How to seal the deal instead of staying on the hook for monthly fees: three new guides to online dating, five tactical tips for all womankind.
mo better you At 30, after a breakup that involved spotting her boyfriend draped around another woman, digital strategist Amy Webb decided to try meeting men online. And she did: On JDate, Match.com, and eHarmony, she met guys who were six inches shorter or 30 pounds heavier than advertised; who picked expensive restaurants and passed the check to her; and who told her, mid drink, that they were married.
One night, after another bad match and a solo bottle of wine, Webb rejoined JDate-this time posing as a man, to check out her competition. Then she took it further. Webb crafted 10 male profiles so perfect they had to be fake (sample code name: JewishDoc1000) to gather data: what the site's most popular women looked like, which keywords they used, how they timed their messages.
"It seemed strange now, that I'd just slap together my online dating profile, when I'd spent days agonizing over my résumé, tweaking and massaging it to land the perfect job," Webb writes in Data, A Love Story (Duffon), one of three new books about online dating out this month, in which she recounts how she cracked the online dating code to meet her now husband. "Yet here I was, husband hunting and armed with only a handful of half-assed bullet points."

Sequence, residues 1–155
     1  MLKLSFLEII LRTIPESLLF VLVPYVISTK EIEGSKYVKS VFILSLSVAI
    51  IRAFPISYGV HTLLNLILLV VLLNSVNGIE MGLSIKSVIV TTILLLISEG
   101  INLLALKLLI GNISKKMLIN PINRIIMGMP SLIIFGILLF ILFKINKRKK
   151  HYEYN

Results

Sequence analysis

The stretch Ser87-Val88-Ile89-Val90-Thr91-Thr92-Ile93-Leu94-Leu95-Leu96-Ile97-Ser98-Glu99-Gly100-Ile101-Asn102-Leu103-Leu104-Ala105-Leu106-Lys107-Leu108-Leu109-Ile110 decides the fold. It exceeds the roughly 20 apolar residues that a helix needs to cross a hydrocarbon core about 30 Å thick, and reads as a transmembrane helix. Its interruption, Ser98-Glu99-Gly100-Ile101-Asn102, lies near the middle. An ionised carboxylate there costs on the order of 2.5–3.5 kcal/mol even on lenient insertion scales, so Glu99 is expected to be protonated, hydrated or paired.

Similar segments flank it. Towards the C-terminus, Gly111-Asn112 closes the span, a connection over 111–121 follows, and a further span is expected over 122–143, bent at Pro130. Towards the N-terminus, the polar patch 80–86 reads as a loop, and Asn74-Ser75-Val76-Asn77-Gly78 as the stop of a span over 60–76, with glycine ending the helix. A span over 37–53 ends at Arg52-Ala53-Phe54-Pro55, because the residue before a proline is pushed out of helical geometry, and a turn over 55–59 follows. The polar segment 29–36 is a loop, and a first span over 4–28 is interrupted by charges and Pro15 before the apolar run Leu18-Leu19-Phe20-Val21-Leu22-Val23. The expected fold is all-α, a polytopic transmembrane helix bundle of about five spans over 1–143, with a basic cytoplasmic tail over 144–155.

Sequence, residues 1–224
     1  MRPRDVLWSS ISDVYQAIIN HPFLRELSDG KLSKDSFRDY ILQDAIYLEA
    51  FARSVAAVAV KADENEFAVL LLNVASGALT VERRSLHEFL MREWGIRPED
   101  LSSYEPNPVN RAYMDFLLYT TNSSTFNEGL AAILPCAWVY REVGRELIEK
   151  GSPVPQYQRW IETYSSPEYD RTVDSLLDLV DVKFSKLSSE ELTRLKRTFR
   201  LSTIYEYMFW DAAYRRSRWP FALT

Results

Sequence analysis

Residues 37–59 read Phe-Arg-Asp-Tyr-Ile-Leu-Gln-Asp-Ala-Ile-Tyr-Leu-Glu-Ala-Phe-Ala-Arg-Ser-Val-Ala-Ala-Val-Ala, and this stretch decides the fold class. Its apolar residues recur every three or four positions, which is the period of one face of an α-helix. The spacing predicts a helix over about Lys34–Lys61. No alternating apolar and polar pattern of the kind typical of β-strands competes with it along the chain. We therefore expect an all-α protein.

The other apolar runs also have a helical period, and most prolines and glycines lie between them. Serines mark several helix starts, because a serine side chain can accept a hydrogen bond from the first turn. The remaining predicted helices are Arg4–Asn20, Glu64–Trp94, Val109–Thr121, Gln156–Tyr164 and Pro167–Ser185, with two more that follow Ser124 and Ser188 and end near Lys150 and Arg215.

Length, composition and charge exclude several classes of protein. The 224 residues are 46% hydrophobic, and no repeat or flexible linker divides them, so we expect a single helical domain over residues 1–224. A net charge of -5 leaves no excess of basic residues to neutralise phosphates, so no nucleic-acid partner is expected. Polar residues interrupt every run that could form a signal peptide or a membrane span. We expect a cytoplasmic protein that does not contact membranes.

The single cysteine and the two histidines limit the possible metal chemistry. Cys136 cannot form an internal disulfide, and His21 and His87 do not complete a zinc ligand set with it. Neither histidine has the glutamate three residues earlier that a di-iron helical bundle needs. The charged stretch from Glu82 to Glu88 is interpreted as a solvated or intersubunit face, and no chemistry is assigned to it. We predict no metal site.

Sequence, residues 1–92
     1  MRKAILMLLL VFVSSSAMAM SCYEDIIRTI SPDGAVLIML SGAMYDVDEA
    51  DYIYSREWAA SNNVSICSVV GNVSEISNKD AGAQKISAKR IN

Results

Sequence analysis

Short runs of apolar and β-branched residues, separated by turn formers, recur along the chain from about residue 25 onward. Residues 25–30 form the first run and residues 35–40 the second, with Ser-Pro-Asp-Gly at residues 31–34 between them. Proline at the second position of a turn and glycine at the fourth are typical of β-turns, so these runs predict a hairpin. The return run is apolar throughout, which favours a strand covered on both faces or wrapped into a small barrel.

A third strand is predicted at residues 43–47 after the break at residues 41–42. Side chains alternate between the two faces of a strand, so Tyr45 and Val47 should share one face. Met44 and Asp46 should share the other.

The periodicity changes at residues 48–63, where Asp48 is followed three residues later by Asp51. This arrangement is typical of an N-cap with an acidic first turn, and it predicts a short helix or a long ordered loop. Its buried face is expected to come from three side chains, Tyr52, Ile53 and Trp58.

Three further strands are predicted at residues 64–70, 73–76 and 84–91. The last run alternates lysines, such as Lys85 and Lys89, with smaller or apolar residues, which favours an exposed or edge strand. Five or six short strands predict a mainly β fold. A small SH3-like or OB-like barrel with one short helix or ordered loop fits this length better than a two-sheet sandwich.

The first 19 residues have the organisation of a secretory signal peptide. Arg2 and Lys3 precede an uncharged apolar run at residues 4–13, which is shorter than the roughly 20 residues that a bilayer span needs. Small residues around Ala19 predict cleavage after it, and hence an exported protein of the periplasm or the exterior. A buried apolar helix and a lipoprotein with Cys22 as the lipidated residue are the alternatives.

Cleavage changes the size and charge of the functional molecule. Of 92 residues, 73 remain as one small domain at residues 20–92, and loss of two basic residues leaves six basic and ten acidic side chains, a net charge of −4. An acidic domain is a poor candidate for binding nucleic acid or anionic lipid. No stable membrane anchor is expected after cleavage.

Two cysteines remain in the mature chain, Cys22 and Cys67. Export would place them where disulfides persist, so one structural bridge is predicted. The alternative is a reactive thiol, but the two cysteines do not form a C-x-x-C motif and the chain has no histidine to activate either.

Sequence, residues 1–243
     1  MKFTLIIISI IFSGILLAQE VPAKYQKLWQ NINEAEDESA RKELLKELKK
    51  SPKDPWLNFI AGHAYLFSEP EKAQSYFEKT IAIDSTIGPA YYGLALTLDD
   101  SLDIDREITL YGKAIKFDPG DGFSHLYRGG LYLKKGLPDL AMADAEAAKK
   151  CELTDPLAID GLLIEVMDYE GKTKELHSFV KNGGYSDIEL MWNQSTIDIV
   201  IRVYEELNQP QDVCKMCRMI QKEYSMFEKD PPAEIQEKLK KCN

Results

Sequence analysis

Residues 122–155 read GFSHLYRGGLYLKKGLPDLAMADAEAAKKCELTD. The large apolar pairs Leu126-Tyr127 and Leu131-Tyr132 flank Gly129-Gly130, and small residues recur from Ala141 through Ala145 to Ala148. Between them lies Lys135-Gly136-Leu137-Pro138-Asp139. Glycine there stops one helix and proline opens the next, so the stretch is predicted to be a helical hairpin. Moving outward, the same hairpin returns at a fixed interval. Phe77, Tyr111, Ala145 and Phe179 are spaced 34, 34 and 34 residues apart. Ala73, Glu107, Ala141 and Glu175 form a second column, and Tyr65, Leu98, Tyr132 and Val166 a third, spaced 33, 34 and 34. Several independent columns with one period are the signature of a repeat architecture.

Online dating is now the third most common way couples meet, with 30 to 40 percent of singletons logging in to some 1,500 services. In the marvelously titled Love in the Time of Algorithms (Current), writer Dan Slater tracks a phenomenon that started in 1965 with "computer dating"-essentially a digital compatibility test, dreamed up by two lovelorn Harvard undergrads desperate to meet Radcliffe girls-and mushroomed into an estimated $2 billion a year industry.
According to Slater, it's one of the few business models in which clients' failures are the company's win-the longer we seek, the more money they make. Aiming to short-circuit this cycle, "e-flirt expert" Laurie Davis' hyperprescriptive Love @ First Click (Atria) instructs us in a level of detail that is by turns grating and illuminating on how we should be "marketing our singledom." Here, the authors' best advice on joining-and enjoying-the mixer:
1. Play the Field
"It's important to be in more than one community," Davis says. "It's like being in more than one social circle." She suggests joining one mainstream site (say, eHarmony or Match.com) as well as one niche service, such as Cupidtino, which brings Apple-product obsessives together, or the unapologetically elitist Sparkology (the site's men-but not its women!-must have graduated from a "top institution"). "Changing sites from time to time, and then revisiting, is the best strategy," says Davis. That way, you're always the new girl.
2. Ace Your Profile